If you are disabled, the tax free allowance increases by an extra €159,325. If you were injured in war (to the degree that the French state considers you 50 percent disabled), you can also receive a 50 percent reduction of the amount of tax to be paid on inheritance – although this reduction is capped at €305. 

How is the taxable value of the inherited estate calculated? 

The savings plus estimated value of the property and goods of the deceased are added together. 

Debts, outstanding loans,  taxes owed, and rent due by the deceased are subtracted from this amount – as long as they were already valid at the time of death and can be proved. Funeral fees of up to €1,500 can also be subtracted from the overall value of inheritance. These debts must be declared on the déclaration de succession – a document that any inheritor must sign.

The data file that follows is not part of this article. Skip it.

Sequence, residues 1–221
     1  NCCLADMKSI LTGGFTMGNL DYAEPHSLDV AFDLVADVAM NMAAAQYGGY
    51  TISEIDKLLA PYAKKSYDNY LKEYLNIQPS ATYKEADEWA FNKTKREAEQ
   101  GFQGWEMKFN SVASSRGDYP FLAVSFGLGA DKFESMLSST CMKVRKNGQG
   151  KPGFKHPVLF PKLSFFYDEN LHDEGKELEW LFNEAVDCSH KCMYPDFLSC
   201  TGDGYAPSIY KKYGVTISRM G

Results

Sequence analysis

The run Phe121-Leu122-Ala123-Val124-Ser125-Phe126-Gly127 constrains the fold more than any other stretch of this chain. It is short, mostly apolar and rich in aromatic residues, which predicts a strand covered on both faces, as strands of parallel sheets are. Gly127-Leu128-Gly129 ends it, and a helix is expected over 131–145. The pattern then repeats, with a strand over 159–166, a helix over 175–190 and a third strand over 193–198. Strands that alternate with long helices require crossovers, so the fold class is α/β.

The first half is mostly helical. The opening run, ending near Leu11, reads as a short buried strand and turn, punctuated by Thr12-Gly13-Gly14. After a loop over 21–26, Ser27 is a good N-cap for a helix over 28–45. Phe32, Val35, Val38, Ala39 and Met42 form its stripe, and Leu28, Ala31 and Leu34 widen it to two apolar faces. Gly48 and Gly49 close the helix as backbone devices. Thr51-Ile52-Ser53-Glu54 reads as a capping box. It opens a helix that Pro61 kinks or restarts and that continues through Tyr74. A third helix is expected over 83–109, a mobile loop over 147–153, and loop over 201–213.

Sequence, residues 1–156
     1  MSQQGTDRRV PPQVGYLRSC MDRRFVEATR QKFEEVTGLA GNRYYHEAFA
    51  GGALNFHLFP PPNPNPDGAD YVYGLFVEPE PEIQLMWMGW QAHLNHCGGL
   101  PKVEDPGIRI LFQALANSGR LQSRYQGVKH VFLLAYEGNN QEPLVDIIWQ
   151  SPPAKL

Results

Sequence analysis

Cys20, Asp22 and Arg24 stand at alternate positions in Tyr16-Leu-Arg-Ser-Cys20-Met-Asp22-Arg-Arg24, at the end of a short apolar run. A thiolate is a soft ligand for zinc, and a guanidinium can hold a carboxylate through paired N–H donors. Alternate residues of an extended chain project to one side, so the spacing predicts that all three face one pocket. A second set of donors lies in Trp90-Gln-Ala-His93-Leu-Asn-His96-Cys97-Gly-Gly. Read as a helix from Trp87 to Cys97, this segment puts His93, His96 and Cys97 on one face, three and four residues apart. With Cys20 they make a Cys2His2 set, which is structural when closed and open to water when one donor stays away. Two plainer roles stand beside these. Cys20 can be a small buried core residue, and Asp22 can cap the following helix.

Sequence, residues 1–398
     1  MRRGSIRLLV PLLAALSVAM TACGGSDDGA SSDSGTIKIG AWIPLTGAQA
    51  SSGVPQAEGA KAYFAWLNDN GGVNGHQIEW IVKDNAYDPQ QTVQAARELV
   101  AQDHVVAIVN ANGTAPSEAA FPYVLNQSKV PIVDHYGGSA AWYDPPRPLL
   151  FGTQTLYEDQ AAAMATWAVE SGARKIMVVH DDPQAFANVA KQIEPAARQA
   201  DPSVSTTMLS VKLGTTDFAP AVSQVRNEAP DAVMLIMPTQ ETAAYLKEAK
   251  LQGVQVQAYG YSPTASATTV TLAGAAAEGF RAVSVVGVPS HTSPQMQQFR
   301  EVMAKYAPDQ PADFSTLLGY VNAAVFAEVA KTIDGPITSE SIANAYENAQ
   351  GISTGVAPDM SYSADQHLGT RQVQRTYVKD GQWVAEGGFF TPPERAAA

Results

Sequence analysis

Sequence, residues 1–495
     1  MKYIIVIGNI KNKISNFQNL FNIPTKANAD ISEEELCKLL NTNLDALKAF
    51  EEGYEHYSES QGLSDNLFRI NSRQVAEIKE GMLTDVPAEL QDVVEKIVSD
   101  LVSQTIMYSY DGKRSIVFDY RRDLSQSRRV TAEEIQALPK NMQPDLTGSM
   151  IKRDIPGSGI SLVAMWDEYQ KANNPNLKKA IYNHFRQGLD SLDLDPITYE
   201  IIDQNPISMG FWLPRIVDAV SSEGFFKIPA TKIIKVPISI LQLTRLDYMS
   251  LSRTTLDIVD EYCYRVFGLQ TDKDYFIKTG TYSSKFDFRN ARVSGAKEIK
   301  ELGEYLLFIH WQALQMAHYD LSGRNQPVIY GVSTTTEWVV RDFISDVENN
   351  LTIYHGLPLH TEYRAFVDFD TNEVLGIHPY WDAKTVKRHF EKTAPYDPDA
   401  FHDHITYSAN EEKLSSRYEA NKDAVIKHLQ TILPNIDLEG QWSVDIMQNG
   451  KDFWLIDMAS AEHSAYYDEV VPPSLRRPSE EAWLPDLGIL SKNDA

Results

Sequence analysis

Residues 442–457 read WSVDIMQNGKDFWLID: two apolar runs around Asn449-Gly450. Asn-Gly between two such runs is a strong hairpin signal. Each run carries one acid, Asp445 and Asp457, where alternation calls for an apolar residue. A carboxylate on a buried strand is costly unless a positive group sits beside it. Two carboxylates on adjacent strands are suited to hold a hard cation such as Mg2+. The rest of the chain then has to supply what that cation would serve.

Then the inheritance is divided up, according to the rules outlined below. As previously mentioned, different tax rates apply depending on the inheritor’s relation to the deceased. 

There is an online simulator to help you calculate the amount of inheritance tax you will have to pay. 

What are the rules on who can inherit? 

The French law states that children of the deceased must receive a share of the inheritance. 

The share they receive depends on the number of children. One child is entitled to half their deceased parent’s estate. Two children share two-thirds, and three or more share three-quarters. The surviving husband or wife has a right to at least one quarter of the succession. Those who were in a PACS partnership or were living with the deceased as a couple (en concubinage) have no automatic rights to inheritance if the deceased had children.